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Release of the neuromodulator dopamine (DA) is critical to the control of locomotion, motivation, and reward. However, the probability of DA release is not well understood. Current understanding of neurotransmitter release probability in the CNS is limited to the conventional synaptic amino acid transmitters (e.g., glutamate and GABA). These fast neurotransmitters are released with a repertoire of probabilities according to synapse type, and these probabilities show activity-dependent plasticity according to synapse use. Synapses for neuromodulators such as DA, however, are designed for signaling that diverges temporally and spatially from that for fast neurotransmitters: DA receptors are exclusively metabotropic and at sites that extend to extrasynaptic locations and neighboring synapses. In this study, the release probability of DA was explored in real time in limbicversus motor-associated functional domains of the striatum of a primate (marmoset; Callithrix jacchus) using fast-scan voltammetry at a carbon-fiber microelectrode. We show that the probability of axonal DA release varies with striatal domain. Furthermore, release probability exhibits a short-term, activity-dependent plasticity that ranges from depression to facilitation in motor-through limbic-associated regions, respectively. Rapid plasticity does not result from metabotropic D2-like DA receptor activation or ionotropic GABA(A) receptor effects but is dependent on Ca2+ availability. These data reveal that rapid dynamics in DA release probability will participate in the transmission of the patterns and frequencies encoded by DA neuron action potential discharge. Furthermore, the regional variation in these features indicates that limbic-versus motor-associated DA neurons are permitted to generate diverse DA signals in response to a given firing pattern.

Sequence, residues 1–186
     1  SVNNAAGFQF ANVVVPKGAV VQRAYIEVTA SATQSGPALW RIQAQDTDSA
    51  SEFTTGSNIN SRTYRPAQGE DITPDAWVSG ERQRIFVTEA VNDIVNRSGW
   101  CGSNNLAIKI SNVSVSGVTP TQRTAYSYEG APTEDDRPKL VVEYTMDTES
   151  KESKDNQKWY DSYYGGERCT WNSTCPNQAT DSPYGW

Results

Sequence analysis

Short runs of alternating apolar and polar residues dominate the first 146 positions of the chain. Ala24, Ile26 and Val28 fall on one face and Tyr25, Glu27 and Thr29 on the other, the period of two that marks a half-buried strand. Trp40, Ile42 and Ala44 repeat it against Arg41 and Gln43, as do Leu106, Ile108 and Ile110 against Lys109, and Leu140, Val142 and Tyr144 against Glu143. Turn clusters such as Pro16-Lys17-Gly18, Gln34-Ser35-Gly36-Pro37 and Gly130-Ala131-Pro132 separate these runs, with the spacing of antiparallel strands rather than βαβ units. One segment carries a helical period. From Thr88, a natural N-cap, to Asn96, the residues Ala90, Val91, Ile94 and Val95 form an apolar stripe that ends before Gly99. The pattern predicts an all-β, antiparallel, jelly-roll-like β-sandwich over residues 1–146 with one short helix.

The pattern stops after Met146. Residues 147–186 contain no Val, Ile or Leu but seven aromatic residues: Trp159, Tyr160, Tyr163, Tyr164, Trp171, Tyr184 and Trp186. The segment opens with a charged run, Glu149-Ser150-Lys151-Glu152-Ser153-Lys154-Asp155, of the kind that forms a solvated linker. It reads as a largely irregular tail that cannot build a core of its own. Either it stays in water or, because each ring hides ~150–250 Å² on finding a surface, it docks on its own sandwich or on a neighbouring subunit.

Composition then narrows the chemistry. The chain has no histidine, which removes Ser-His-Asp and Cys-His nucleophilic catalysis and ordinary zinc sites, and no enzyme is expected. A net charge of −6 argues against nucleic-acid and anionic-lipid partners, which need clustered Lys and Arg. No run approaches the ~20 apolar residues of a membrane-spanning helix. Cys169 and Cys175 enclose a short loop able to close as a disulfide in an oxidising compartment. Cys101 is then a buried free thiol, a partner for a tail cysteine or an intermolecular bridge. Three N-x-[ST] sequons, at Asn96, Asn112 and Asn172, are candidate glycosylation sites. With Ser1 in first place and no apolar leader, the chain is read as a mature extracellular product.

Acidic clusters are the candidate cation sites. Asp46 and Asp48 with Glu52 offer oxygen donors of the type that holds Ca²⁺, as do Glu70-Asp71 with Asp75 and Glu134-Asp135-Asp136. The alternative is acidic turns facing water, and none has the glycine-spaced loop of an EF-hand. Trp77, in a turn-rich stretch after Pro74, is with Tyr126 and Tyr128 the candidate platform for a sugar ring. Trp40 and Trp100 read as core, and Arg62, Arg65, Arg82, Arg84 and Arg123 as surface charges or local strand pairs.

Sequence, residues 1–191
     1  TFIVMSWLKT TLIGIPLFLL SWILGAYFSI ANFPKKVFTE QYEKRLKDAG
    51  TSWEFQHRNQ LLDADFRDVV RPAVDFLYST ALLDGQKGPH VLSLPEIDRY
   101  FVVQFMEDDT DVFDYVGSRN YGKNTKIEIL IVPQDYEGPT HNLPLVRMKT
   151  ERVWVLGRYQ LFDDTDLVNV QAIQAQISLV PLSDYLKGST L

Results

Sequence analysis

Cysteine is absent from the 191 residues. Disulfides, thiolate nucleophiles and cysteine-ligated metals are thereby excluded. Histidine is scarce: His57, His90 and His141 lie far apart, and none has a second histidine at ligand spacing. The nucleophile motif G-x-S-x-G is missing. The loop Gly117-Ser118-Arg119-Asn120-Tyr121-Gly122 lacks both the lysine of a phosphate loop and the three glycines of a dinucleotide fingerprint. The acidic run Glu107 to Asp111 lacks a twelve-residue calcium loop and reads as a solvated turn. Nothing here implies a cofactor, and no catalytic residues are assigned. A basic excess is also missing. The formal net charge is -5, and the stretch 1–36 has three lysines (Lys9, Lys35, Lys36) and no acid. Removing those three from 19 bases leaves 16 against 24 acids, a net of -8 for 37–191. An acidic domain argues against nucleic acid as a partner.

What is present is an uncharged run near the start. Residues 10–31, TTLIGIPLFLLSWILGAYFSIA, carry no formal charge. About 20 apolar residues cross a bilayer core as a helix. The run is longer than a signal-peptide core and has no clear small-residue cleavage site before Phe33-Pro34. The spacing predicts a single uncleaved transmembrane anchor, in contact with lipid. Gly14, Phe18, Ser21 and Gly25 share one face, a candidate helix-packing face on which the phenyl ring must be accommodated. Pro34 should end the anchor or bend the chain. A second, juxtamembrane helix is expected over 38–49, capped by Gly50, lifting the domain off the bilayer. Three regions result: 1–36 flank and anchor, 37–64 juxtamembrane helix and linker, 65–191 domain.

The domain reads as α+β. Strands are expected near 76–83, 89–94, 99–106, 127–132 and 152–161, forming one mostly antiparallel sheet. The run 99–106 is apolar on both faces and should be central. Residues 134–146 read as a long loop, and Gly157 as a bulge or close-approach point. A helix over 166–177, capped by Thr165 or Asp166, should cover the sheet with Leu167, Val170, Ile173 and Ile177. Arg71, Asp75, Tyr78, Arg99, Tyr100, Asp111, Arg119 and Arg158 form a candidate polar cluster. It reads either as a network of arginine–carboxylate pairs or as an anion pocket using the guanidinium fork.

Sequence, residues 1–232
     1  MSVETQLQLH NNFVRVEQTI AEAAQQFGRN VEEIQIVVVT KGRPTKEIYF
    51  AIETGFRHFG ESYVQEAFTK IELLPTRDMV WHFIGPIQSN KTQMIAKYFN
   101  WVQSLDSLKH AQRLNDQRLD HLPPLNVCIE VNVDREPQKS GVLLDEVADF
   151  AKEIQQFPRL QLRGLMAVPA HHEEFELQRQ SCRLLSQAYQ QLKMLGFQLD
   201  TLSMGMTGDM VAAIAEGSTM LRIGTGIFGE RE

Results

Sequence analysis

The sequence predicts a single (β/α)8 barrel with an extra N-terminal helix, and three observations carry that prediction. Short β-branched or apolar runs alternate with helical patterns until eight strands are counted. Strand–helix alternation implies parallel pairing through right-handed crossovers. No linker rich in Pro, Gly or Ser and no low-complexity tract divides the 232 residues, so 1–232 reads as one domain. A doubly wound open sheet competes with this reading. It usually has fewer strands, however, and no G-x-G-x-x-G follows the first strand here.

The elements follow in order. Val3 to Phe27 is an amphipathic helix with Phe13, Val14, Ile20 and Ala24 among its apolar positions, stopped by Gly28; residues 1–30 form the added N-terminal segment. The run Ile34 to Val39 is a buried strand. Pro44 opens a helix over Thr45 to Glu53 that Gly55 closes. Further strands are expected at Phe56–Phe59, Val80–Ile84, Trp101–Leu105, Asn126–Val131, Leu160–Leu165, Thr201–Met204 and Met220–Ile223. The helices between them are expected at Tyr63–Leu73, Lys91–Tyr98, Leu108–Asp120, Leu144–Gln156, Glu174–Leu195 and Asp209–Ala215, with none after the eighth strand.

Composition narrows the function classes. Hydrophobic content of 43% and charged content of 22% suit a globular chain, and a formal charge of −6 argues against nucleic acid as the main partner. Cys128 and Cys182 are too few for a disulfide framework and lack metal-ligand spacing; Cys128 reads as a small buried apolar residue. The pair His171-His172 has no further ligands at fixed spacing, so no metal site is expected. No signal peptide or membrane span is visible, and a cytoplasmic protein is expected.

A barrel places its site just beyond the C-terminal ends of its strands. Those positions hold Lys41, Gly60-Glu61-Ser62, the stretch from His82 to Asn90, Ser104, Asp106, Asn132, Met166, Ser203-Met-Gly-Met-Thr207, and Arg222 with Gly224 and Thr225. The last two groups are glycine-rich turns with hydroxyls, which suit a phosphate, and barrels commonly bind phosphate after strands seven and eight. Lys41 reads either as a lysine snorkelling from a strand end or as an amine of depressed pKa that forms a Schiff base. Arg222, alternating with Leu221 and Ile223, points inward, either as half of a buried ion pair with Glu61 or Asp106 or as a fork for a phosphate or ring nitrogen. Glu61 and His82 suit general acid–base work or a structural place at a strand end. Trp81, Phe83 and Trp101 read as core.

Journal article


J Neurosci

Publication Date





4378 - 4385


Animals, Basal Ganglia, Bicuculline, Calcium, Callithrix, Corpus Striatum, Dopamine, Dopamine Antagonists, Dopamine D2 Receptor Antagonists, Electric Stimulation, GABA Antagonists, GABA-A Receptor Antagonists, Limbic System, Long-Term Synaptic Depression, Male, Microelectrodes, Motor Cortex, Neuronal Plasticity, Nucleus Accumbens, Presynaptic Terminals, Receptors, Dopamine D2, Receptors, GABA-A, Sulpiride, Synaptic Transmission, gamma-Aminobutyric Acid